Jeremy Bentham

The Collected Works of Jeremy Bentham: The Correspondence of Jeremy Bentham, Vol. 7: January 1802 to December 1808

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Editor’s Note2003To Samuel Bentham23 September 1808 (Aet 60)

Barrow Green near Oxted 23 Septr 1808

Virtue would consist in sending to Q.S.P. not later than the day after you receive this Fox's History2 for the use of Col. Burr who is quartered at Q.S.P. vibrating between Q.S.P. and Barrow Green, N.B. Lady Holland is an American3 and a Cousin of his 1st or 2d I don't know which or how. I inclose a letter of his in which he speaks of his visit to you.4 If you have been able tofind the things he wants, so much the better. New Orleans he speaks of as affording an additional chance for Panopticon viz. in addition to South Caro- pg 551lina. Your letter to him5 came to him while here, and of course I saw it. I have since had the satisfaction of hearing that Mrs B. and the brats are much better: well, I hope, by this time.

He is interesting to me, in a very high degree, and in a great variety of ways, that will afford us, I mean you and me, a good deal of amusement, when we meet. I have all along kept my eyes closed6 fixed upon him with a view to trustworthiness, and all manner of indications, public and private concurr in satisfying me of it.

Mrs B. will regret, I think the not having seen Mm. He is continually trumpeting about the brats. He says you seemed a good deal preoccupied with business rolling in your head, and which (I suppose) was what sent you to Sheerness. I am afraid it was the cursed Petersburgh Ship-building-mission accounts.

I expect to have a 4to Vol. about Evidence ready to put to press upon my return to Q.S.P. say the middle of next month.

Dumont is gone to Knill a place partly in Herefordshire and partly in Wales, belonging to Lady Romilly's Brother,7 where he meets the Romillys and Wilson.

This Letter of B.'s was written upon a new invented Copying-plan invented and sold by a Wedgwood in Oxford Road, a Nephew of the great potters.8 I find it performs with great facility.

If your acquaintance with the Swedish Major with the unpronouncable name beginning with an S.9 be sufficient to warrant it, a letter from you to him to introduce Burr will be a source of entertainment to both. S. is a rural economist, and Burr can tell him how those matters stand in America, as well as all others. (This was entirely an idea of mine; not of his.) Having just now a little leisure time, he employs it in a short visit to Sweden, a country at all times so interesting, and now the only visitable one. He takes letters to pg 552different people at Stockholm from a Mr Gahn, who is Swedish Consul and Chargé d'Affaires at New York.10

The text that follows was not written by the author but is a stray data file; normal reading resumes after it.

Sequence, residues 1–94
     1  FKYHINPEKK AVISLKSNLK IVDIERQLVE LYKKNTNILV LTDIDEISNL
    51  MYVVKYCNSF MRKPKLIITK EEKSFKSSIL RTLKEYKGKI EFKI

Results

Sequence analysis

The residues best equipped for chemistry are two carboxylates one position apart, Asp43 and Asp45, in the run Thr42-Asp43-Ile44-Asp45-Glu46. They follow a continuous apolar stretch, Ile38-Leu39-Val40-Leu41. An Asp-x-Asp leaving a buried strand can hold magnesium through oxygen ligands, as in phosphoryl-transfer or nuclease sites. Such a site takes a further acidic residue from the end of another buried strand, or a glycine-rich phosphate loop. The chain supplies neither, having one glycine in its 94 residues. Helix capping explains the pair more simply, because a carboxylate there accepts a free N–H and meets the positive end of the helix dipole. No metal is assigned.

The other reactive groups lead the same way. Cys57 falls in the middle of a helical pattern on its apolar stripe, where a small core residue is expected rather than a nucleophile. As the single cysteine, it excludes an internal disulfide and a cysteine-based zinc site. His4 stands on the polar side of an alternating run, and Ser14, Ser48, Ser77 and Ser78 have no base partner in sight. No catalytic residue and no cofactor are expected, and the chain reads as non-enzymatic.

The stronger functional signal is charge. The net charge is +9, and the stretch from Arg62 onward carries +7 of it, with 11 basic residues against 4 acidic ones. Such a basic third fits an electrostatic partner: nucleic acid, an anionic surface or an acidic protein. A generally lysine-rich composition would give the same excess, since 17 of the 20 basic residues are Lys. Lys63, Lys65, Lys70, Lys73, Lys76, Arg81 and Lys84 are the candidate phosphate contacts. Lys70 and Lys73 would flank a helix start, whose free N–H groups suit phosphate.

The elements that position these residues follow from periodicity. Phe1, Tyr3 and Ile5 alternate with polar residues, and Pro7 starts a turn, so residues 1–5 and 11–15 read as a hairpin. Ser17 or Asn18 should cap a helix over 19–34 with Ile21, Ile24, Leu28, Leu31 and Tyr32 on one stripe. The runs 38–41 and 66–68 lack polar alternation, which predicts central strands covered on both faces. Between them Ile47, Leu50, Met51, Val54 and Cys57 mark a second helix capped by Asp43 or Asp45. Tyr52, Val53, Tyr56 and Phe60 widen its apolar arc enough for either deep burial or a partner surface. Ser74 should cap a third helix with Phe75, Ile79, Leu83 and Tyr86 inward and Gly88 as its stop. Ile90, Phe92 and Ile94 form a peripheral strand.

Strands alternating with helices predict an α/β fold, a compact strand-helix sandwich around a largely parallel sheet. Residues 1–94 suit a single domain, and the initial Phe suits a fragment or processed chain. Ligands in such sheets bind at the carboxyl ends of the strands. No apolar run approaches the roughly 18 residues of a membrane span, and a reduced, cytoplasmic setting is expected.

Give me a line, there's a good boy: and tell me how matters stand between you and the Hammonds.

This is American paper; not of the best sort but of that used for envelopes.

Tell Mrs B. I hope to make B. yield seeds for her of American trees, virtuous fruit bearing, here unknown, trees, from the interior towards the Missisipi etc.

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Notes

Editor’s Note
2003. 1 BL VIII. 388–0. Autograph. Docketed: '1808 Septr 23 / JB-SB / Col. Burr.' Addressed: 'General Bentham / Hall Oak Farm / Hampstead.'
Editor’s Note
2 Charles James Fox's posthumously published work, A History of the Early Part of the Reign of James the Second, 1808.
Editor’s Note
3 The Vassall family had long-standing American as well as West Indian connections; and Lady Holland's mother was a first cousin of Burr's wife Theodosia Bartow Prevost (d. 1794).
Editor’s Note
4 Probably letter 2001.
Editor’s Note
5 This letter, dated 14 September, is at BL VIII. 386–7. Samuel Bentham said that he had not yet found the drawings of the Panopticon, and that he was unable to conduct a further search at present because his wife and children were unwell and he had urgent business to attend to; but he added that he would inform Burr as soon as the drawings were found.
Editor’s Note
6 Bentham presumably meant to write 'close fixed'.
Editor’s Note
7 Knill Court, Knill, Herefordshire, was the property of Lady Romilly's brother John, who changed his name from Garbett to Walsham (the name of his mother, who had inherited Knill).
Editor’s Note
8 Ralph Wedgwood (1766–1837), inventor of the 'stylographic manifold writer', was the son of Thomas Wedgwood (1734–88), who was a cousin and partner of Josiah Wedgwood. Bentham was impressed by his invention, and described it in his Rationale of Judicial Evidence, 5 vols., 1827, ii. 670 n. (Bowring, vi. 576 n).
Editor’s Note
9 Not identified.
Editor’s Note
10 Burr left for Sweden in April 1809 and spent five months there; the letters of introduction provided by Henry Gahn, whom he had known in New York, helped him to gain entry into Swedish society (Kline, ii. 1092–3).
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